So let’s try their debt-to-income ratio calculator and see if you can afford to borrow $50,000. You scroll down a little bit here they have
a lot of information about their loan calculators. And we have a place where we can enter some of the particulars in this case. Andrew lives in Ohio. If you’re wondering where we get this information from – it’s from a lot of loan websites we’ve had over the years since 2003 where people have written in or made comments requesting loans.
This is just an example from a borrower a long time ago but it still works now. So let’s move on.
Gross Monthly Income
So gross monthly income – in this case we went with; some of it’s been prefilled out but anyways – five thousand dollars is the gross monthly income am i thinking I have a list of the basic items here. Let’s see – yeah, here we go, monthly income before tax was $5000 and let’s see then we have partner’s income before taxes zero, child support alimony zero, extra income is $1200.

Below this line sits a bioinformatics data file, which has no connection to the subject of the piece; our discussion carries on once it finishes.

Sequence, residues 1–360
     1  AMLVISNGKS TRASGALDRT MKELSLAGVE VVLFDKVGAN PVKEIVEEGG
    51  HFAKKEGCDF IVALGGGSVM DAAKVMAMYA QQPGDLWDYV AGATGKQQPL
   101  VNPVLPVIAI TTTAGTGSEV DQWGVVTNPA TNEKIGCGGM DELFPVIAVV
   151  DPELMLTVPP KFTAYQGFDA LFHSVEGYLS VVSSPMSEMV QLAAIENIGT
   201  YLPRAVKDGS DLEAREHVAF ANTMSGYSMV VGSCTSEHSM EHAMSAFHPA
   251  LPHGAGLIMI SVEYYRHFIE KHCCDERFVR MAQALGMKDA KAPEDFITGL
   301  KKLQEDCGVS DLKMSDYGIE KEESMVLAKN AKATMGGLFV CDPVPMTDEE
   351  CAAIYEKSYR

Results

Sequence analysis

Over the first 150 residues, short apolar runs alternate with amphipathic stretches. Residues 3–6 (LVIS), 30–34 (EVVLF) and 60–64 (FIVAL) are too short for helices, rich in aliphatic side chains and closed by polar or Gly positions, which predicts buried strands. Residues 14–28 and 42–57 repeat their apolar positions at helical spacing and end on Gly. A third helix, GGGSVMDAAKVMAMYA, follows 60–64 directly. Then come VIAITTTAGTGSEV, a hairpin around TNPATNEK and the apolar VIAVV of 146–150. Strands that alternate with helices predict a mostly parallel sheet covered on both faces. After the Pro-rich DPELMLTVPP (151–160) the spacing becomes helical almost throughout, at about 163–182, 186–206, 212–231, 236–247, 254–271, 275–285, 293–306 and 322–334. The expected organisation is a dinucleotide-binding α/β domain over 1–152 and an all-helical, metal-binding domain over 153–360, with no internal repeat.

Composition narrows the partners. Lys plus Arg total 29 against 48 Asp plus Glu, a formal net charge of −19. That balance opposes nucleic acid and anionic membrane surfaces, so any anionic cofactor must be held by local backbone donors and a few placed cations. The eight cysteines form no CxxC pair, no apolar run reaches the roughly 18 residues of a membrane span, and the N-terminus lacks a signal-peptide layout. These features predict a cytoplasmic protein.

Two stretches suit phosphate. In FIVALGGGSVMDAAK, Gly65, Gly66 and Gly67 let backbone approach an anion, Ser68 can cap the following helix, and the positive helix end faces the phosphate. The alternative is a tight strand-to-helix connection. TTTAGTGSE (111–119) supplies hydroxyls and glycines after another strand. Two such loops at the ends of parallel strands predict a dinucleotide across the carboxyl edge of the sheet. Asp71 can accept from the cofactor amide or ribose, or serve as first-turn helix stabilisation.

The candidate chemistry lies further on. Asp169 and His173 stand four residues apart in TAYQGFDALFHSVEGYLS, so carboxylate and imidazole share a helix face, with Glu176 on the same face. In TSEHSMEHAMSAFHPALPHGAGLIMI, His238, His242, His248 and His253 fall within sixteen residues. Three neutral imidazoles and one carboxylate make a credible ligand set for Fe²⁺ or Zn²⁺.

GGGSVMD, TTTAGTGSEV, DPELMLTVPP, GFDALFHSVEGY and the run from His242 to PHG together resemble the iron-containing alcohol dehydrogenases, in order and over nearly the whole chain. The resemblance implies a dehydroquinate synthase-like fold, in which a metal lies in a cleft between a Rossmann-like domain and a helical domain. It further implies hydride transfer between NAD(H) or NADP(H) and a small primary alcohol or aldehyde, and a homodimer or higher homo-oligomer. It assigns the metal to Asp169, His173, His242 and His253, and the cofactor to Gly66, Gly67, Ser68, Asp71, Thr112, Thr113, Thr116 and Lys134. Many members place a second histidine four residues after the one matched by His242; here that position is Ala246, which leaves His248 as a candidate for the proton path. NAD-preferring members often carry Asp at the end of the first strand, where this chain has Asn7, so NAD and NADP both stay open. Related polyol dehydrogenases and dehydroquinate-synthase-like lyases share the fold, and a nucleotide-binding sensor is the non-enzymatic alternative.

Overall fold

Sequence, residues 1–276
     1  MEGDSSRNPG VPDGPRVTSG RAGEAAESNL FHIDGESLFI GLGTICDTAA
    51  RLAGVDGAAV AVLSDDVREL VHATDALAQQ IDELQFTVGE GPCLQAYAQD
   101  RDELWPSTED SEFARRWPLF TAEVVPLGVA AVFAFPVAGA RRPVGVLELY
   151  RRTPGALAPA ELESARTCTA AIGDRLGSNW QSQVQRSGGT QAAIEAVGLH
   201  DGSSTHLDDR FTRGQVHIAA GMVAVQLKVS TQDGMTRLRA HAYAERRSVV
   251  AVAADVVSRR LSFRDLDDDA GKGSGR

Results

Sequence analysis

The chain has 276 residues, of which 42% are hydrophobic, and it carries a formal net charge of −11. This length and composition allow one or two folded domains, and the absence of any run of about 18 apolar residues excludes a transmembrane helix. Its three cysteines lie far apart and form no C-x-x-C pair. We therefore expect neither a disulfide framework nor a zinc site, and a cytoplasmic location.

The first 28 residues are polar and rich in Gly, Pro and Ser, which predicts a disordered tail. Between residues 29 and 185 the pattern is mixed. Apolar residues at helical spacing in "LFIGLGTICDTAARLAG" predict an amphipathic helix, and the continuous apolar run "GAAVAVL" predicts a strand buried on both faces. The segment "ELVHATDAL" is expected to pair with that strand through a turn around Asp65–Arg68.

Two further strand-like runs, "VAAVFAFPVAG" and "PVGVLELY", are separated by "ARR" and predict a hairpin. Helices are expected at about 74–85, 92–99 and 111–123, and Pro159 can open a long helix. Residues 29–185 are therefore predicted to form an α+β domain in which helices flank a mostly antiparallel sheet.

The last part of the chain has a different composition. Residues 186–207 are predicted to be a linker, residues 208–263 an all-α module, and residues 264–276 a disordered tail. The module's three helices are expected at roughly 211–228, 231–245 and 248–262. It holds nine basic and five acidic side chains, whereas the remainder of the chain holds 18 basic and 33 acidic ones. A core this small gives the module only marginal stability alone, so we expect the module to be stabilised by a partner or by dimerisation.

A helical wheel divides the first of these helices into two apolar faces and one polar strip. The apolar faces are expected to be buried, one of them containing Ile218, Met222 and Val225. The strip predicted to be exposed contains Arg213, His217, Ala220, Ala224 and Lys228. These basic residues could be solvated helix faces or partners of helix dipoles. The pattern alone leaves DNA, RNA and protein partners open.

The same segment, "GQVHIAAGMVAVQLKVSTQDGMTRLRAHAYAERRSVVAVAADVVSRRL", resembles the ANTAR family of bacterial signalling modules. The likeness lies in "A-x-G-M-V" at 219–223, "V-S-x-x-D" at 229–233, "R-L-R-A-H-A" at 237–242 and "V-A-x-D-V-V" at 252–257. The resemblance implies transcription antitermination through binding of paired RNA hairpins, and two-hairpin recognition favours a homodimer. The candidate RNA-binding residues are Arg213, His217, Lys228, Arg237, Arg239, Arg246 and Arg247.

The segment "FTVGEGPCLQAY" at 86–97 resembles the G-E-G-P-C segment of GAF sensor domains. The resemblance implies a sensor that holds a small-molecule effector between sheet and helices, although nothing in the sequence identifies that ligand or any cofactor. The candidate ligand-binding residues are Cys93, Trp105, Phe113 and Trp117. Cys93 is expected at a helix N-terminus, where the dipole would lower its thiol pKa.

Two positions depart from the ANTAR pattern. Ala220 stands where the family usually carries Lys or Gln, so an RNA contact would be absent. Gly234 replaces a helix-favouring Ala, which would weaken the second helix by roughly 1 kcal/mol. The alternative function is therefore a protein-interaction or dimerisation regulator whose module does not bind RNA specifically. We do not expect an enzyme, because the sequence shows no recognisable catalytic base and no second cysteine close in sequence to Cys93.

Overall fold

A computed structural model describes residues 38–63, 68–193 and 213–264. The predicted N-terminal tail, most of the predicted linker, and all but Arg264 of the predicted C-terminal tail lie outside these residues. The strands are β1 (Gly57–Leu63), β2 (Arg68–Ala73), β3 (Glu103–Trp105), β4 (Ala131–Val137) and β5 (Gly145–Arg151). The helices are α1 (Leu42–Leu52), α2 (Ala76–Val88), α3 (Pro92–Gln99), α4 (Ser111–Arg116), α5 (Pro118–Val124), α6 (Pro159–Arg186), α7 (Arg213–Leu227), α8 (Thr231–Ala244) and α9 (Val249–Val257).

So let’s go back to the calculator and put zero for that and other income 1200 dollars. Okay, so that’s it pretty well for monthly income and now we can take a look at mortgage and rent.
Gross Monthly Payments
What you have in this case is rent for eleven hundred dollars total(and let’s take a look here) property tax is zero, obviously it’s a rental. Condo and HOA fees zero, home insurance zero.
Vehicle loan $650, so let’s put that in our calculator. Car loan six hundred and fifty dollars. I believe there was zero for a personal loan – let’s scroll down a bit. Student loans no, credit card minimum payment seventy-five dollars. Then alimony / child support zero, and other debt was zero.
Calculating DTI Percentage
So now we can calculate this and you see the update of the numbers down below coming in with a debt-to-income ratio of 29.44%. They explain actually on GoodCalculators.com the back-end debt-to-income ratio of twenty nine point four four percent.